Fowler explains that this proposed bond is not asking for residents to agree to a tax rate increase. He says that the bond is asking for an extension of the time that it will take to pay off district debt. He says the passing of this proposal will benefit the community as a whole.

“We’re still a small town, and a lot of our community events and our community activity revolves around our schools,” according to Fowler. “There are a lot of events at our schools, and we want our schools to be a point of pride in our community.

The middle school (renovation) has really opened a lot of eyes as to what good design can do, the impact it can have on the culture of the school, and the learning opportunities that you have. We want to continue to be a point of pride for our community. This allows us to do that.”

Fowler says Cherry Creek Elementary is “right in the heart of town,” and it needs the most attention. One of the comments from the community forums that stuck out to him was from a person who moved to Lowell because of the district’s good education reputation. However, the aged and run-down buildings were an unpleasant reality.

Cherry Creek Principal Craig Veldman says he is very pleased that his school building will hopefully be receiving the much-needed renovations.

“The 2024 bond proposal consists of many extensive academic focused improvements specifically for Cherry Creek Elementary,” Veldman says. “As the principal at Cherry Creek, I am most excited about the possibility of providing designated grade level wings with right-sized classrooms that provide proper separation for an enhanced learning experience for all of our students.”

Fowler says if the bond proposal passes, design work would begin immediately for Cherry Creek Elementary. Construction, however, would most likely not begin until the summer of 2025 due to the design and bidding processes for contractors.

While Fowler does not know of any organized opposition to the bond proposal, if it does not pass, the district would survey the community to try to get an understanding of the reasons for the failure. He said he’d hope to come up with another proposal that would be more acceptable to the community.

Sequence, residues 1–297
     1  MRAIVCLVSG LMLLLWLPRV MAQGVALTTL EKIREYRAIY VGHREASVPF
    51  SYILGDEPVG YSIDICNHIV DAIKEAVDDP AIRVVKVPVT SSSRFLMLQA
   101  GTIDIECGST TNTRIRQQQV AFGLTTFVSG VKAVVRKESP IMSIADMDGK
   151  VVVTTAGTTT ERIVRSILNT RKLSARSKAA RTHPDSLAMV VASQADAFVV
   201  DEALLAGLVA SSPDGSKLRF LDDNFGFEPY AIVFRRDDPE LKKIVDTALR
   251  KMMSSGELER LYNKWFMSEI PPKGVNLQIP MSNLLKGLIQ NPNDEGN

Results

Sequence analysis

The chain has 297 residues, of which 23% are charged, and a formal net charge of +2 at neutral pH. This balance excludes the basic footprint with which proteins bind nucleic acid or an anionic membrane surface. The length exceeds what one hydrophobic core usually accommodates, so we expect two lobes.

Thinking optimistically, Fowler says the passing of the proposed bond will be very good for LAS students.

“I think we have a great opportunity to continue to provide learning spaces for our kids that are comfortable, safe, and really promote learning,” he says. “It will help with the skills that they’ll need to be successful – being able to collaborate with each other, to use technology, and to use these things to solve problems that matter.”

He says one of the goals is that students will be able to be in a learning environment that will be similar to what they will find if they attend college or in the workplace. He used the high school computer lab, which is getting new equipment and being remodeled, as an example.

“They’re the same spaces that I took typing in when I was a high school student in the 1980s,” he says of the current configuration. “That’s not the space that (students are) going to see in the workplace. We can design those spaces where they’re interacting with technology, they’re interacting with each other, and in ways that are applicable.

“What I learned in the middle school (renovation) is that you can design spaces and ways to help facilitate the type of learning that they’ll see in their careers and that they’ll see in college.”

The bond proposal will be on the ballot next Tuesday: May 7, 2024. Polls will be open from 7am to 8pm. City of Lowell, Lowell Township and Vergennes Township residents who live in the Lowell Area Schools District will vote at their respective city or township hall. School district residents who live outside these jurisdictions should contact their local clerk to ask about their polling place.